• MH370 speculation has become excessive recently. Metabunk is not a forum for creating theories by speculation. It's a forum for examining claims, and seeing if they hold up. Please respect this and keep threads on-topic. There are many other forums where speculation is welcome.

JAAC- New MH370 Underwater Search Area Definition

Five reasonable questions for the ATSB re: fig.4, p.6, “MH370 – Definition of Underwater Search Areas”, released June 26:

(notation: IACMRL = Inmarsat arc-constrained maximum range line)

1. The NW bound for S1/S2/S3 is clearly the 8:11 Inmarsat arc; what is the SE bound – is it IACMRL, pre-March 27?

2. The NW bound for S4/S5 is clearly also the 8:11 Inmarsat arc; what is the SE bound – is it IACMRL, March 27-April 1?

Assuming I have 1. and 2. correct:

3. If the only reason for moving from 1. to 2. was “less available fuel”, why do IACMRLs 1. and 2. cross at S26.5?

4. The IACMRL that is plotted in fig.4 seems (per fig.20) to be the LIVE version (i.e. post-abandonment of radar-indicated altitude data) – on what date was it first computed?

5. If later than April 1, what was your live IACMRL from April 1 until [answer to 4]?
 
Fig. 35, p.40 of the report linked to in #1 (this thread's topic) contains the following map describing Curtin U's acoustic event detection:Curtin U Event.jpg

Appendix B, p.46 of the same report contains the following two sentences (emphasis mine):
I for one applaud the ATSB for considering alternative search areas, "should the arc defined by the handshake be called into question".

Hopefully, this alternative location they've published fits in with other published evidence (pilot's simulated landing, e.g.) - again, "should the arc defined by the handshake be called into question".
 
An earlier version of the above post included my best attempt to examine this ATSB claim, to see if it held up; i.e. does this published coordinate meet the basic investigative standards for opportunity and motive. However, this would necessarily involve an examination of nearby islands to which MH370 might plausibly have been headed - the nearest island, in particular. Since scenarios which connect all this evidence together could be deemed speculative, I will prudently self-censor.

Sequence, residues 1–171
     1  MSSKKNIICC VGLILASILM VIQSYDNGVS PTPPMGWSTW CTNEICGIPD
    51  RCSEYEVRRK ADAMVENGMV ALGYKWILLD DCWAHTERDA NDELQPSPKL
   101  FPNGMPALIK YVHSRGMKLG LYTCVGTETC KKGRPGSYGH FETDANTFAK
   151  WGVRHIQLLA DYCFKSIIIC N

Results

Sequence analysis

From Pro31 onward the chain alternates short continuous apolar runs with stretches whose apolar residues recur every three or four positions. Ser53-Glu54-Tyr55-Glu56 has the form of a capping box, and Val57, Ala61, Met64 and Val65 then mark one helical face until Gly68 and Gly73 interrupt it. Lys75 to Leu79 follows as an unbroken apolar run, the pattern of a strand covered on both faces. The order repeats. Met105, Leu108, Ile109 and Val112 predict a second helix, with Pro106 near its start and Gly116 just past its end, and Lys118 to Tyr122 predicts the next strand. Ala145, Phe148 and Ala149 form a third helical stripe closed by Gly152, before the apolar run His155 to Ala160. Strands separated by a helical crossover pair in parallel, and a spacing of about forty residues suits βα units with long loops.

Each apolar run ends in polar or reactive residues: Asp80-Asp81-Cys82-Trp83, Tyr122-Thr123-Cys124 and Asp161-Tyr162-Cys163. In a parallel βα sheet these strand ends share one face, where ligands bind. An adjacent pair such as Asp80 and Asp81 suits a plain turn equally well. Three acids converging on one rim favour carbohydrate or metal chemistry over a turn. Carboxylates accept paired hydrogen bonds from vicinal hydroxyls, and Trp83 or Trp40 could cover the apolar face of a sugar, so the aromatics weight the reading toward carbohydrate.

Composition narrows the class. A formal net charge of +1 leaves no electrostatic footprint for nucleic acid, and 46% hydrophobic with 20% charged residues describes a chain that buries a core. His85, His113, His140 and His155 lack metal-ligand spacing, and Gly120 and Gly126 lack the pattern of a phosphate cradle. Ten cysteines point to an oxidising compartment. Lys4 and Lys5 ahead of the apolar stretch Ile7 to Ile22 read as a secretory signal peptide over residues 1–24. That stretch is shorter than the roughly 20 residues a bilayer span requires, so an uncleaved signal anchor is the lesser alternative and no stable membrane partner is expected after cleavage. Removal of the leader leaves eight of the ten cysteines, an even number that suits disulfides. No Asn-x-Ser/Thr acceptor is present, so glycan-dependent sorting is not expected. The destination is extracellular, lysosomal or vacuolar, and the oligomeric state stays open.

On an unrelated point: I applaud this site's moderating community for its recently redoubled efforts to ensure all examination of claims related to this mystery are based on sound reasoning and evidence-based scrutiny. So many sites would have chosen to moderate on the basis of much less noble criteria (such as proximity to each other of words like "MH370" and "Diego Garcia"); kudos to Metabunk for taking the high road.
 
On a different thread, Mick admonished me for stating as fact my "opinion" that the ATSB misled us as to the reason for moving the MH370 search March 28. I hadn't thought any further proof was required; but fair enough. Below is the basis for my "opinion".

Quoting from page 6 of this thread's subject document (linked to in #1, above):

Did the increased fuel burn cause the most probable track to move north, as the sentence implies (but does not explicitly state...)? If so, how could it have caused this? Consider Fig.3, p.5:

.Fig3.jpg

The original SE boundary of S1, S2, and S3 is described in the report as MH370's maximum range line, constrained by the necessity of hitting all Inmarsat arcs on cue. If you take fuel away from MH370, the maximum range line moves inside of where it was. That is, NW. That is, up and to the left. I have crudely plotted (black, red) a couple of potential ways in which fuel removal might have affected this boundary line. To my eye, this would not improve the prospects of S3 relative to where the search was already focused - if anything, I would think it would shift the most probable track west.

I would have vastly preferred to plot the actual maximum range line generated by the ATSB's March 27 fuel analysis - but this crucual range line - the one driving the ATSB's key decision to move the search dramatically to the NE - appears to have been omitted from the report.

It cannot possibly have been the line defining S4/S5 in Fig.4 on p.6, because that line crosses the original (S1/S2/S3) maximum range line - and the one thing on which we can all agree is that the removal of fuel could not possibly have added range.

The question remains: why did they move the search so far to the NE? Per the above, it could not possibly have been the reason they gave.

I await hard scrutiny of this analysis. Thanks in advance for analyzing with dispassion, and with an open mind; I have tried my best to do likewise.
 

zebra100

Member
"On 7 March 2014 at 1722 UTC1 (8 March 0022 local time Malaysia), flight MH370, a Boeing 777-
200ER registered 9M-MRO, lost contact with ATC during a transition of airspace between
Malaysia and Vietnam"

The first sentence is already wrong--MH370 lost contact at 00:22 Malaysia local time--that's how they prepared this report-:(
 

Mick West

Administrator
Staff member
"On 7 March 2014 at 1722 UTC1 (8 March 0022 local time Malaysia), flight MH370, a Boeing 777-
200ER registered 9M-MRO, lost contact with ATC during a transition of airspace between